should fail in the other, which are but appendants to Chap. 7. that great Promise. The Promises now have a double seal, Gods Veracity, and Christs Blood ;' and in all reason we should seal them up by our faith ; not to do so, is practically to say, that God may lye, or Christs Merits fail. In what truth and obedience should we walk ! No lust should now be indulged, no duty should now be baulked. Every holy beam must be welcome, as coming from Heaven to guide us thither. Every Command of God must be precious; as being the Counterpane of his heart, and proved to be such by the obedience of his own Son in the flesh. Now to walk in darkness, is to reproach the holy light which shines round about us. To be falle to God who is so true to us, is no less than horrible ingratitude to him, and in the end will prove utter ruine to our souls ; it being utterly impossible for us, while we are false to him, to be true to our felves or our own happiness. How fpiritual should we be in worship! With what holy fear, faith, zeal, devotion, should we serve him! Our spirits should be consecrated and offered up to God; our duties should have warmth and life from the inward parts; the infinite Spirit must not be mocked with a shell, a meer body of Worship. Jesus Christ the Substance being come, we must not rest in the shadows and rituals of Religion. God is real in promises, and we should be so in fervices. He will give us the best Reward, even Heaven it self; and we should give him the best we have, even our hearts, that he may dwell there till he take us up into the blessed Region, to dwell with him in glory ; in so doing we shall at once be true to him, and to our own happiness. :'3

X 2



God's Providence aferted from Scripture , Philosophy,

and Reason. It hath a double act, Confervative, and
Ordinative; both are manifested in Chrift. It was
over Christ, over his Genealogy, Birth, Life, Death.
Over the fruit of his Satisfaction, in railing up a
Church. It aimed at a Church; directed the means,
and added the blessing. That Opinion, That Chrift
might have died, and get there might have been no
Church, is false. All other. Providences reduced to
those over Christ and the Church. Epicurus's Obje-
Tion against Providence answered. Providence over
free acts of men asserted, and yet Liberty not de-
troyed. The Objections touching the Afidions of
good men, and the event of Sin, solved. The Entity
in sinful actions distinct from the Anomy: the Order

from the. Ataxy. L'AVING spoken of the Divine Attributes, I F now proceed to speak of Providence, which in a special manner directed this great Dispensation, God manifest in the flesh; in which, as we have feen, the Attributes of God do eminently appear. Providence is more than Previdence; aproca is not nude Prescience; it is, as a learned man speaks, Precognitio cum cura, a Precognition with care. It is the Divine Reason of the Supreme Lord, which disposes of all things ; it is that ad of God whereby he doth in eternity pre-ordain, and in time direct every thing to the great end of all, his own glory. The Scripture doth very fully set forth this : of him, and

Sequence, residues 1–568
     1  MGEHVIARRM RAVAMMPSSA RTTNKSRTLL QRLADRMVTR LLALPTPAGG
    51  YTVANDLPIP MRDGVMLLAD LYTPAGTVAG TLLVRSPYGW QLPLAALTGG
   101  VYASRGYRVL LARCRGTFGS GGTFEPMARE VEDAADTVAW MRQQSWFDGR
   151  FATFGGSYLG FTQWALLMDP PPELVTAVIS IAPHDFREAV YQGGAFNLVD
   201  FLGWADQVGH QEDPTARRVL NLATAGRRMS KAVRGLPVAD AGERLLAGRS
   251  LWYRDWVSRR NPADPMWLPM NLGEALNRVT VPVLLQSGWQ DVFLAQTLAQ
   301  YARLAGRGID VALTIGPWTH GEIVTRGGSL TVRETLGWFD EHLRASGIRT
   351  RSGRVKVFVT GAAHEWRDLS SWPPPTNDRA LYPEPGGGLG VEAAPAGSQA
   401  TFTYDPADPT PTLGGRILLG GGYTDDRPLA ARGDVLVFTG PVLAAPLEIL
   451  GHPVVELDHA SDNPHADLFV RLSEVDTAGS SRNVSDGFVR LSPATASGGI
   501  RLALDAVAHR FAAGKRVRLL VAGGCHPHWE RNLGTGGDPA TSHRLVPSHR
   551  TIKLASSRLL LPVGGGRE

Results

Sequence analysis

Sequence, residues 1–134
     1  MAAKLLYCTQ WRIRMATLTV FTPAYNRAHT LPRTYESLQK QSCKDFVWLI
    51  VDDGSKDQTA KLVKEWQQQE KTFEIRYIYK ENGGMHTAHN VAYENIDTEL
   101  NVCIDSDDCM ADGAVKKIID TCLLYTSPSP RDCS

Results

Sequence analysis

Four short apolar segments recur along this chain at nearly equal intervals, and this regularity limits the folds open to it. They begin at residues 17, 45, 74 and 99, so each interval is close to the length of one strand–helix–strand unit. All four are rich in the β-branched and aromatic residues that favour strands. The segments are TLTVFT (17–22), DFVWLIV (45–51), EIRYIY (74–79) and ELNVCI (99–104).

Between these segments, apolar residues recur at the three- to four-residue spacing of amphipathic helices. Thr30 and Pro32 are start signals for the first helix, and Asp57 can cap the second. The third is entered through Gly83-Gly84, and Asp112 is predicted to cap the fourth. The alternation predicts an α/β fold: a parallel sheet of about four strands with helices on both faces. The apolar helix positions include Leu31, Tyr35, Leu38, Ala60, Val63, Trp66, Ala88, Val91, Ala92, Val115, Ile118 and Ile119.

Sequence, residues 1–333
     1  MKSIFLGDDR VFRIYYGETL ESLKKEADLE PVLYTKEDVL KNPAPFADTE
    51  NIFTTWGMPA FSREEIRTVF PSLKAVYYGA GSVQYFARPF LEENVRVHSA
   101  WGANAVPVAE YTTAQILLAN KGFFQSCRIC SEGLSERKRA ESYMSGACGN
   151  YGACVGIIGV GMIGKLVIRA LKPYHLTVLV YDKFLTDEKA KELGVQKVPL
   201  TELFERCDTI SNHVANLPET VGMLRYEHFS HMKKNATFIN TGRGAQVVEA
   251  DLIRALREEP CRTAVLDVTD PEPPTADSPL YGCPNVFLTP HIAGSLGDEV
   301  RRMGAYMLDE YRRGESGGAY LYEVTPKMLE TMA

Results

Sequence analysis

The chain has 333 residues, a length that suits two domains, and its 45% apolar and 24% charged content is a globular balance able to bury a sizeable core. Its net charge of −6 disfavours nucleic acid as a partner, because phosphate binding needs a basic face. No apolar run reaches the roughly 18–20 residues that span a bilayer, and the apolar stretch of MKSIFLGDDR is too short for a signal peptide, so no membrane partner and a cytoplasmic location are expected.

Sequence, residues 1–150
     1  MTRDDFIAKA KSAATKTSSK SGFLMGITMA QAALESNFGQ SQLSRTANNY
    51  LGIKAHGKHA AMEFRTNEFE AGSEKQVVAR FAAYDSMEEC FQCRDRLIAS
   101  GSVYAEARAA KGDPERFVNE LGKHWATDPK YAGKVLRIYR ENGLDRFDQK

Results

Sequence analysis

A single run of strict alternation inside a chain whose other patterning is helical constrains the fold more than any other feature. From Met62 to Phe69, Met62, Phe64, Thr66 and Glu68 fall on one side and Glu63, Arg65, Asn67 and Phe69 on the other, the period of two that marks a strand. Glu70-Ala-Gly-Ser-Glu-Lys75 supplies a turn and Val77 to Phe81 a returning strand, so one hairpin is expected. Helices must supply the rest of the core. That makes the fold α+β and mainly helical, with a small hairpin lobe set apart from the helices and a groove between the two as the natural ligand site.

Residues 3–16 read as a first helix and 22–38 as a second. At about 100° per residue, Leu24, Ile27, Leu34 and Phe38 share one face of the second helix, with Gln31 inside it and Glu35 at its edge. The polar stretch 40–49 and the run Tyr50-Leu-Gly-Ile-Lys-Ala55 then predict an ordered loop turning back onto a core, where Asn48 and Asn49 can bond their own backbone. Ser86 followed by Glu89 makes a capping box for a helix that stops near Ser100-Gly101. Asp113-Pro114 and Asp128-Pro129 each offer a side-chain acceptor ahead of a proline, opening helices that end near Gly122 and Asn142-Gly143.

through him, and to him are all things, Rom. 11. 36: Chap. 8. Of him as the Author, through him as the Conservator and Director, and to him as the ultimate End, are all things. He giveth life, and breath, and all things, Acts 17. 25. In him we live, and move, and have our being, ver. 28. The original, the continuance, the guidance of all is from him. As a mighty Monarch he doth whatsoever he pleaseth in heaven and in earth. Pfal. 135. 6, He doth according to his will in the army of heaven, and among the inhabitants of the earth. None can stay his hand, or say unto him, What dost thou? Dan.4. 35. All places are within his dominion, all creatures are under his government : Known unto him are alt his works, ár' ciūros, frometernity, Acts 15. 18. He worketh all things after the counfel of his own will, Eph. 1. 11. That the things in time may answer and go true to the counsels in eternity,Providence works and watches over every thing;

Angels are not above, nor: Worms below the care of · it. It reaches to the great Image of Earthly Monar

chy, Dan. 2. It humbles it self to hairs and sparrows, Mat. 10:29, 30. Natural Agents, though determined ad unum, cannot act without the concurrence of it. Free Agents, though upon the wings of liberty, cannot flye out of its dominions. Meer Contingents, as the Lot, are ascertain'd by it. In every thing it firs at the stern, and moderates the event: .

The Philosophers do, at least in some sort, own a Providence. Thus Theophraft, dhe gag réitwy eggenti di hé å mere zi ise sý sexpire, There is a Divine Principle, by which all things both are, and continue to be. Thus Aristotle, What the Governour is in the Ship, the Driver in the Chariot, the Master in the Dance;the Law